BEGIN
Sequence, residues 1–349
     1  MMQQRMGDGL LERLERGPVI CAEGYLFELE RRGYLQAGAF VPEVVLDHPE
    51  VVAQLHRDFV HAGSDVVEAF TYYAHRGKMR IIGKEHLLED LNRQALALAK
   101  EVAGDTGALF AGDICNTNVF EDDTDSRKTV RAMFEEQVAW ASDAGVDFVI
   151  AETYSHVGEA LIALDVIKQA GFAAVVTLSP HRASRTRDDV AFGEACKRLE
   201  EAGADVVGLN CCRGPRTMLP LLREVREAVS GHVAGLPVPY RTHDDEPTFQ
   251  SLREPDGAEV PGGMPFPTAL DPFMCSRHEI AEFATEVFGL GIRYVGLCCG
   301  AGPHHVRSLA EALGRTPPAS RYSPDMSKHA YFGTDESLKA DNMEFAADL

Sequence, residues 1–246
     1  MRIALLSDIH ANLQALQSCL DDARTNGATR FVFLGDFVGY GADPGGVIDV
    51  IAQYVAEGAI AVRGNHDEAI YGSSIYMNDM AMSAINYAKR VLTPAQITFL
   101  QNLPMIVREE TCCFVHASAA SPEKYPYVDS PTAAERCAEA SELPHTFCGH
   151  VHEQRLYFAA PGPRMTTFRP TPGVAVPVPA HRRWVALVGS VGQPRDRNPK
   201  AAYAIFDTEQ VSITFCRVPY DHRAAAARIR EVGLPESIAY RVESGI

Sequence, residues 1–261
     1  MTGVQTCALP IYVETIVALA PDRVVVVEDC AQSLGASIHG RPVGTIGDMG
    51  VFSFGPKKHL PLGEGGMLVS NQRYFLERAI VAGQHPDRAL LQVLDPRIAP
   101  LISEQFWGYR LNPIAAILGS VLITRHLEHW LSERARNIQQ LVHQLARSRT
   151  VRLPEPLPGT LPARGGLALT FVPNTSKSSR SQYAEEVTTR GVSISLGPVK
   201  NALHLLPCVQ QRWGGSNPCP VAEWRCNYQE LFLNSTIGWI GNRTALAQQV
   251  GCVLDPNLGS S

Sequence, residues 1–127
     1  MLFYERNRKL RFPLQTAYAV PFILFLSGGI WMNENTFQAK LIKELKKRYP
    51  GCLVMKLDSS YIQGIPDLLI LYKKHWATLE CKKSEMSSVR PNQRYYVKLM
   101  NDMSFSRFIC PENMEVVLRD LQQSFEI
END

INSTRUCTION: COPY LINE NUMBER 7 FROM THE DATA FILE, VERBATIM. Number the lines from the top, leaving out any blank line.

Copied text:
   251  SLREPDGAEV PGGMPFPTAL DPFMCSRHEI AEFATEVFGL GIRYVGLCCG